IN ADDITION to their monthly salaries as public officials, some members of parliament, government ministers and other public officials have additional income that ranges from several hundreds of euros a year to hundreds of thousands of euros. Even though public officials are required to disclose their salaries, additional income and property holdings each year, the reports they must file are not very detailed.
The member of the current cabinet with the highest annual income is Transport Minister Ján Počiatek, whose earnings above his salary were nearly €900,000 in 2011, according to the disclosure information published on the Slovak Parliament’s website. Počiatek is followed by Interior Minister Robert Kaliňák who reported additional income of €334,184 and Finance Minister Peter Kažimír, who reported earning an additional €230,129 in 2011.
Prime Minister Robert Fico reported that he only had his salary as a member of parliament last year, which was €27,538.
Four current ministers did not submit a disclosure form for 2011 because they were not employed by the state last year. Economy Minister Tomáš Malatinský and Health Minister Zuzana Zvolenská worked in the private sector, Justice Minister Tomáš Borec worked as a lawyer and Foreign Affairs Minister Miroslav Lajčák was a diplomat with the European Commission.
The highest additional income for a chairman of a political party belonged to Ján Figeľ of the Christian Democratic Movement, who reported an additional €120,000 in income, mostly from retirement payments he is receiving from the European Commission, the TASR newswire wrote.
According to his disclosure form filed with parliament, Most-Híd chairman Béla Bugár had additional income of €796 in 2011.
Other chairs of parties represented in the current parliament reported they had not received anything other than their MP’s or ministerial salaries in 2011. But according to the politikaopen.sk website, which publishes more detailed data voluntarily provided by public officials, Richard Sulík, the chairman of Freedom and Solidarity (SaS) party and a former speaker of the parliament, earned an additional €95,463 in 2011.
Slovakia’s law governing the rules on disclosure requires that each public official file a report within 30 days of his or her appointment. The duty applies to all elected officials, state appointees to ministerial posts and political nominees serving on the boards of directors or supervisory bodies of state-owned companies.
The law states that those who do not submit their disclosures in the required period can face a penalty of one month’s salary, while officials who file incomplete or incorrect information can be penalised with a fine equivalent to three monthly salaries.
Those who hold another job that could be in conflict with their public duties can be fined an amount equal to twelve monthly salaries.
The parliament’s constitutional committee has the authority to impose the fines and the SITA newswire wrote that more than 20 current or former public officials have been sanctioned, including Pavel Kandráč, a former ombudsman, Alan Sitár, a former head of the National Highway Company (NDS), and Kristián Takáč, a former state secretary (i.e. deputy minister) at the Economy Ministry.
Reports by judges
Judges in Slovakia are obliged to submit income and property disclosure forms as well as provide information about any relatives who work at any court in Slovakia. This requirement was initiated by former justice minister Lucia Žitňanská, who stated at the time that she was responding to concerns about favouritism and cronyism in the courts, the Sme daily wrote.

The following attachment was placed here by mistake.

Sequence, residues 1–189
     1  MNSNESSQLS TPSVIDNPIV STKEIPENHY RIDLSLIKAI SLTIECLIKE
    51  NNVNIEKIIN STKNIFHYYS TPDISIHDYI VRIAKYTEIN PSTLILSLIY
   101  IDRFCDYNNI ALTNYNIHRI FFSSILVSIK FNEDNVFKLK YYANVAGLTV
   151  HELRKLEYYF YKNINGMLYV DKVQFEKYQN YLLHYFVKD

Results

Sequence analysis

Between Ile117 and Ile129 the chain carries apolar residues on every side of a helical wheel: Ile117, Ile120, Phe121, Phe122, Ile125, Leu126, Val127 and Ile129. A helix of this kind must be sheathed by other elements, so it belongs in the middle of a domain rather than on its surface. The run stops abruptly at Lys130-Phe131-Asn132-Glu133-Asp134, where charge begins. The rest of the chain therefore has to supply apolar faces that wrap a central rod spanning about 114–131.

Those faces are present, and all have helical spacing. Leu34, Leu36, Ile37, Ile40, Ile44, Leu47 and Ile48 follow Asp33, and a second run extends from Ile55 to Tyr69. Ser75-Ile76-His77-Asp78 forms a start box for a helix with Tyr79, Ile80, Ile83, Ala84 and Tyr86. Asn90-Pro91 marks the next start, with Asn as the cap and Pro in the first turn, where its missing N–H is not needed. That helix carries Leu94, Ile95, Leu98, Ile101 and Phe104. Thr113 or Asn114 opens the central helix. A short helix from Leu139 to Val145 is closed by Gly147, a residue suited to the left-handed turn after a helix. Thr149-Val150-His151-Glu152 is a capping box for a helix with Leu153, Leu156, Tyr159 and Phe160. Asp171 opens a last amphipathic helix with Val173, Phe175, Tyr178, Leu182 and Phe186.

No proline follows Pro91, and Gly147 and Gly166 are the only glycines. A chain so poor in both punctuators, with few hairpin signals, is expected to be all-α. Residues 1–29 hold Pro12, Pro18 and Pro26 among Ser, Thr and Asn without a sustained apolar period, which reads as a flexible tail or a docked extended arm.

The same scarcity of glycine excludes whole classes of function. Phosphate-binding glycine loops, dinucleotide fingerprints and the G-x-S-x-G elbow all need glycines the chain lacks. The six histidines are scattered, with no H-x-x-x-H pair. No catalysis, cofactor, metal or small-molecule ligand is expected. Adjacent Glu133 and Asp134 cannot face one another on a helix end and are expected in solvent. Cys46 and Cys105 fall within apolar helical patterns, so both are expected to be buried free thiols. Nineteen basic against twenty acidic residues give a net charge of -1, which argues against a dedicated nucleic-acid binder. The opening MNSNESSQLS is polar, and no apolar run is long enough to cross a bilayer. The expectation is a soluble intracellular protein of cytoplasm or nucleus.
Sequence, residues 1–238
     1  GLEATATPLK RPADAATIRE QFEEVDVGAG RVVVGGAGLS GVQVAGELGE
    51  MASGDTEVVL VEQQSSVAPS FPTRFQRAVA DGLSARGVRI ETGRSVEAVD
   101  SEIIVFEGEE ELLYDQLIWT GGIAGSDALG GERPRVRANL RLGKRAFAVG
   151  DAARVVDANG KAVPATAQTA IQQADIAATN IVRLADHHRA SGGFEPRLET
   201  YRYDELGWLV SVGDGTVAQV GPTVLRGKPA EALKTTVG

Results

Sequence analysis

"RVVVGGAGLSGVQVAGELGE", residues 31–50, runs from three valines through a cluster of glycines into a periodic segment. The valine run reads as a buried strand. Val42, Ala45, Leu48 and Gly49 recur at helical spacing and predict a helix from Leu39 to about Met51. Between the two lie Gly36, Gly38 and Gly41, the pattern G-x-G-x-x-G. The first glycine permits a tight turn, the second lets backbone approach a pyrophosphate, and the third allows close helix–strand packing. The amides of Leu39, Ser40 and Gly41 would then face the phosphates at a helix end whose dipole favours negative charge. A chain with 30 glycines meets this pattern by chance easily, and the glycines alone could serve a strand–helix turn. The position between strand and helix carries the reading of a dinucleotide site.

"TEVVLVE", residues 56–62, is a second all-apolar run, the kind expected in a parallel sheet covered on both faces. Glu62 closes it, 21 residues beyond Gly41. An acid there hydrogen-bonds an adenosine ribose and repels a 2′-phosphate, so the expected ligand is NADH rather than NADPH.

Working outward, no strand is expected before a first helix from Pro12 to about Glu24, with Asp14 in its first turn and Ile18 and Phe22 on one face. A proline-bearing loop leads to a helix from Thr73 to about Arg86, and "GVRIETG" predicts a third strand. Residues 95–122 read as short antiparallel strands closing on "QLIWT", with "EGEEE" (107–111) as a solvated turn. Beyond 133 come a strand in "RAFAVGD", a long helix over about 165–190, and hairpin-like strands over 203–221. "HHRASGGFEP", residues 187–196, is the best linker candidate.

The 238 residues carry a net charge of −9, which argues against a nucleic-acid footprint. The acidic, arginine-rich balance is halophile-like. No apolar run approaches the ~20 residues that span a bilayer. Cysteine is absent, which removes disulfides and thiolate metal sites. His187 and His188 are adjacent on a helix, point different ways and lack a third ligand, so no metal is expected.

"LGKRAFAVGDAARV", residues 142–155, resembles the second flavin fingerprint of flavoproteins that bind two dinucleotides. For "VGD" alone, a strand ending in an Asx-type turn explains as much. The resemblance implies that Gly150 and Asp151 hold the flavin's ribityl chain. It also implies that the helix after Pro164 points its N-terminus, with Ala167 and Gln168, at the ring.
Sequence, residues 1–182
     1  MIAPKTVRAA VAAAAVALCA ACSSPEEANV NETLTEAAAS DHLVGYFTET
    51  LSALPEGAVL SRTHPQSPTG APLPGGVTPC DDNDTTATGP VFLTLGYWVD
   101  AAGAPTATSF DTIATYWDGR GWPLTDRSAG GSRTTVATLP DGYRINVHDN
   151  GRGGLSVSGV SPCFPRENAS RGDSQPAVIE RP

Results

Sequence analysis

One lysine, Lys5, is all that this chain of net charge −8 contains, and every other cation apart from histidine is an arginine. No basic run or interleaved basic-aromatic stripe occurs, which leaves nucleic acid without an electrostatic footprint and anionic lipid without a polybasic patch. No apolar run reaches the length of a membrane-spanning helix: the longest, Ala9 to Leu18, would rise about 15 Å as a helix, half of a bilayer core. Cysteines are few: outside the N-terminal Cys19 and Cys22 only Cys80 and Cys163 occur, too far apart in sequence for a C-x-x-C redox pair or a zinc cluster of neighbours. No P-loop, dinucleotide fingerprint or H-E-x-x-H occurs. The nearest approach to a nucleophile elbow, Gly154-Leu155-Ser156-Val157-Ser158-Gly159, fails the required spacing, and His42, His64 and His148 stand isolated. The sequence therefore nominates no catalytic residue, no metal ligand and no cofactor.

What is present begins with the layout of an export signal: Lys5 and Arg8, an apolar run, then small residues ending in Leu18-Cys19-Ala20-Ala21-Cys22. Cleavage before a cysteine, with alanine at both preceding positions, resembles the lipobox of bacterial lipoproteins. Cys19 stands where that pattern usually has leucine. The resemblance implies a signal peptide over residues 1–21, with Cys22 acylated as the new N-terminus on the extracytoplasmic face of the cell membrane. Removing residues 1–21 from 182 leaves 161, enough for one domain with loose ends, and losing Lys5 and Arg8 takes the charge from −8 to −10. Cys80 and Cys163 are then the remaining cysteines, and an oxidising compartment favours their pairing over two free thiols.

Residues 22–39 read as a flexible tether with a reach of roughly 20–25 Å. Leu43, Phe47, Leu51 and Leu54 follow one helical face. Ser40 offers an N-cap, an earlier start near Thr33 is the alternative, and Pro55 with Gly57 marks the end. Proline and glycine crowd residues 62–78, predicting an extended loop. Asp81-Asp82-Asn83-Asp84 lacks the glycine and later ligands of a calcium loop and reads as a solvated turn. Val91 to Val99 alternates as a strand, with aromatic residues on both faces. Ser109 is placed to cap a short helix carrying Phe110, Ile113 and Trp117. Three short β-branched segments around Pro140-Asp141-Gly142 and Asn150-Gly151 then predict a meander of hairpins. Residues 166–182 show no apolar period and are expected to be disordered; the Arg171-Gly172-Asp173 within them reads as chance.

Sme reported several deficiencies in the documents filed with parliament by judges after they were published on its website. The daily wrote that Ivetta Macejková, the president of the Constitutional Court, reported that she only had her court salary of €38,885 in 2011 and had no additional earnings even though she was employed as an assistant professor at Pavol Jozef Šafárik University’s Faculty of Law in Košice.
Anna Pančurová, the spokesperson for the Constitutional Court, told Sme that Macejková had reported earning nearly €2,500 from teaching at the university in an attachment to the disclosure form.
The spokesperson added that the supplemental information might be missing due to “an administrative mistake but not due [to a mistake] by the president of the Constitutional Court”, Sme wrote.
The daily also commented about the disclosure made by former justice minister Viera Petríková, a current member of Slovakia’s Judicial Council, who the daily wrote had not reported that her daughter is employed as a judicial clerk at the Supreme Court.
Žitňanská told Sme that Petríkova should face disciplinary proceedings for this failure to report her daughter’s employment. The Justice Ministry did not comment to Sme on the allegations and stated that it did not have enough information.
The Fair-Play Alliance, a political ethics watchdog, began a project in March 2008, called Politikaopen, to seek voluntary disclosure of additional information from public officials to provide the public with more data about income and property holdings.
Unlike the website of parliament, this website contains additional information that has been voluntarily disclosed by a public official. Information about property that an elected official owns is available on the website as well as its location, size, price and how it was acquired, if the public official disclosed that data.
Currently 24 members of parliament, primarily from opposition parties, have disclosed additional data to Politikaopen. The website states that it also has information provided by some members of regional parliaments, former MPs and some other public officials such as Jana Dubovcová, the current ombudswoman, and Bratislava mayor Milan Ftáčnik.
16. Jul 2012 at 0:00 | Radka Minarechová